Let's see what 2017 has in store for me:

1. Achieving at least a 2:1 in my degree

Now being in my fourth year, the finish line of my degree is in sight, and with that comes plenty of work. Languages in particular is a very difficult course in which to get a First, as we are assessed in every language-learning competency: writing, translating, speaking, and listening.

Ultimately I'm striving to get a First, but a 2:1 is nothing to be sniffed at, especially here at such a prestigious languages department. I've worked hard to get where I am today and I will continue to work hard to get where I want to be in the future.

2. Improve on my first Southampton Half Marathon time

2 years ago, I ran my first ever Half Marathon in Southampton, and this year I'm looking to not only repeat it but to improve on my original time of 2 hours and 1 minute.

It was great timing for me as the city hadn't hosted the event for several decades before 2015, but all of the hours preparing and training are worth it when you see the excited crowds cheering as you pass some of the city's landmarks like the Itchen Bridge, Bargate and the Guildhall.

I'm also going to be running for charity - details of which will feature in future blogs!

My Half Marathon gear from 2 years ago.

3. Get a job!

One of the extra pressures of being a finalist is looking ahead to graduate schemes and job opportunities, even with all the normal uni work. The process can be quite demoralising at times, as many of us have to accept rejections from our potential dream jobs but, just like our lives in general, we have to learn to cope with the difficulties and bounce back!

I have already had a rejection from one graduate scheme in journalism, but I've also been putting in the hours enhancing my CV and cover letter at the University's Careers and Employability Service. I'd thoroughly recommend attending a drop-in session, as the advice you get can be invaluable.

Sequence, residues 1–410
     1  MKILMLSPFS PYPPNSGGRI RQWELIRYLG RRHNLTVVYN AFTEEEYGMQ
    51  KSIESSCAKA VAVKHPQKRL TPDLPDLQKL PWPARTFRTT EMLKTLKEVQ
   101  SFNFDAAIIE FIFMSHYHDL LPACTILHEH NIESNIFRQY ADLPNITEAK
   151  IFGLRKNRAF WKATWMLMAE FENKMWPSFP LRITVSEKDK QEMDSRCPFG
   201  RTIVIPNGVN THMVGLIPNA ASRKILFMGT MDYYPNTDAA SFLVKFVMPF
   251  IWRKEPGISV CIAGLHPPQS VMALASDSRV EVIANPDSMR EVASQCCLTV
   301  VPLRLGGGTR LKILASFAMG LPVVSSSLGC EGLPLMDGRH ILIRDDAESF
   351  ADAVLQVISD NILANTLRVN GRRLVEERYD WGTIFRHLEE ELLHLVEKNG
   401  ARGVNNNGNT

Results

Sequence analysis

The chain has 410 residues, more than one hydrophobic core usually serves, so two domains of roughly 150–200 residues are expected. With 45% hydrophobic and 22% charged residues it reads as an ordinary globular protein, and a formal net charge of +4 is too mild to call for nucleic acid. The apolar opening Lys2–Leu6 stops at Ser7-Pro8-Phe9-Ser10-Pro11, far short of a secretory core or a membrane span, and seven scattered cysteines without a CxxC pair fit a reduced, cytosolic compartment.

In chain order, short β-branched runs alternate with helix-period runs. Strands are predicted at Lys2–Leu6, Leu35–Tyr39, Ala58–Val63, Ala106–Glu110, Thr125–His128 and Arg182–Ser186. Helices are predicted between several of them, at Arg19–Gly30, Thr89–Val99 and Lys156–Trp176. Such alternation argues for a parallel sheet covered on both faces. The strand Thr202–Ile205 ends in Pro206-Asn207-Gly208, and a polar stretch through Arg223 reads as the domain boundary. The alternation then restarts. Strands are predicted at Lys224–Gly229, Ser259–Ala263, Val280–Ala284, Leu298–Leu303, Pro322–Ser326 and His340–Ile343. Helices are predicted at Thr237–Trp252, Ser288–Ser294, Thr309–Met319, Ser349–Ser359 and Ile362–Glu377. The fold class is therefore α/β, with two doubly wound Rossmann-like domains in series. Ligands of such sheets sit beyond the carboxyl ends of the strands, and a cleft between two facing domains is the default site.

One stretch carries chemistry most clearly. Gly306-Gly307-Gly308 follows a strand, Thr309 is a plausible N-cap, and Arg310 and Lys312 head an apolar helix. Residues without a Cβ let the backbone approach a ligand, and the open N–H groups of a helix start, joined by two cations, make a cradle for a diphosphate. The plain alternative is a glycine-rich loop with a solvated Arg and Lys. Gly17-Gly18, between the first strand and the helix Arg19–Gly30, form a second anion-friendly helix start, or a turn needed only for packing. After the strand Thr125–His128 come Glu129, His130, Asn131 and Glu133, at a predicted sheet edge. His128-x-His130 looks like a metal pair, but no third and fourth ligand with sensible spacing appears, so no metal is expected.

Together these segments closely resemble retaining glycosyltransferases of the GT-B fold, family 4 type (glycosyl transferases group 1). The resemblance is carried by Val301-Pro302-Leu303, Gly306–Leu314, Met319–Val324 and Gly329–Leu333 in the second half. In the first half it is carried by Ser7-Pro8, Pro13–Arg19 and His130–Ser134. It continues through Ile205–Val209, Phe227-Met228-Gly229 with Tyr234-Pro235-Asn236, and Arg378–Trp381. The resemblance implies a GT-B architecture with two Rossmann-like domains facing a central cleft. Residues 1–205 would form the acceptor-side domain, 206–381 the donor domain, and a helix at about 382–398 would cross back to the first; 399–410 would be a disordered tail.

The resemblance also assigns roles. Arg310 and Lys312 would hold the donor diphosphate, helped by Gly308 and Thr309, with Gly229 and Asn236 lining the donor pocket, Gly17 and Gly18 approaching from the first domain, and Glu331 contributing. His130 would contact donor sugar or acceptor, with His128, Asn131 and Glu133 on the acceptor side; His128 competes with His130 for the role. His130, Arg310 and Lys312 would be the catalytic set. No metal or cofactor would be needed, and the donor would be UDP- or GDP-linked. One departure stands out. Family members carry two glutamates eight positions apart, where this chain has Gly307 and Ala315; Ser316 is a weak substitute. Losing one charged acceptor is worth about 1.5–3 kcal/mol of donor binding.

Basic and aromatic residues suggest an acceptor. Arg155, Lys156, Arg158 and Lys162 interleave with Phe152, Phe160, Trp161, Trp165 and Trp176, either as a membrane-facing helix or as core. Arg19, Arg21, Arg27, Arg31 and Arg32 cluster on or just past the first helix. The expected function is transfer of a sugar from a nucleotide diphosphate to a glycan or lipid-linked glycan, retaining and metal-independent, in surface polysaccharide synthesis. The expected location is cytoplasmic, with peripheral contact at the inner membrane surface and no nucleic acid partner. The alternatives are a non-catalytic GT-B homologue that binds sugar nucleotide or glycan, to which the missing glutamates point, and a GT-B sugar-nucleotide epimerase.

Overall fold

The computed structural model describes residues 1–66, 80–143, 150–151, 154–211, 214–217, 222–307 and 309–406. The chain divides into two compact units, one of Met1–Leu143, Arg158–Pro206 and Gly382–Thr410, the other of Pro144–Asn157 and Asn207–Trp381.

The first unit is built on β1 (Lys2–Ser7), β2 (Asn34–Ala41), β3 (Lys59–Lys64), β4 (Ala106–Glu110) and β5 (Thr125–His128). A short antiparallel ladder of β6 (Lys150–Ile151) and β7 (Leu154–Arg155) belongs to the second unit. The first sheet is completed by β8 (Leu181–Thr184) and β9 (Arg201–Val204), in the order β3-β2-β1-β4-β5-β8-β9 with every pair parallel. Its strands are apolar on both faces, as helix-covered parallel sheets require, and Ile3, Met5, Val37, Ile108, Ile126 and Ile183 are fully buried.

Phew! I might just need a lie down after all that. I'm also going to be busy in my Erasmus Society role once again, as well as going on a Spanish Society trip to Seville, and hopefully doing a bit of travelling some time before or after my graduation in the summer.

To a New Year and New Beginnings!


Friday, 27 January 2017

Nature in Winter

Hi all! I hope exams have been going well for you and, if you have finished already, congratulations! You're free! It'll be a quick blog post today but I thought I'd share one of my favourite ways to chill during the January exam period with you.

I am a massive fan of wrapping up in a million layers and going out feeling like I'm in a bubble, although at present, I've lost my gloves and haven't found a way to cover my face effectively... maybe I should try an actual bubble.

I really like to go out for walks or take some time out of studying on campus to stroll through Valley Gardens or the Common.

Look out for migratory swans and geese, especially Canadian geese - you can normally see them flying overhead. Moorhens and ducks are common in the ornamental lake, but if you are going to feed them, I've found that they aren't very fond of raisins but really like cat kibble.
Keep an eye out for woodpeckers too, I used to hear one or two when I lived in Glen Eyre in my first year, they were virtually outside my window!

Valley Gardens up at Highfield Campus

You might also like to look out for obvious winter fauna, such as robins and blackbirds; I've got a bird feeder which I like to fill with mealworms for them, just to supplement what food they might be getting over winter.

Southampton Common is a great place to clear your head.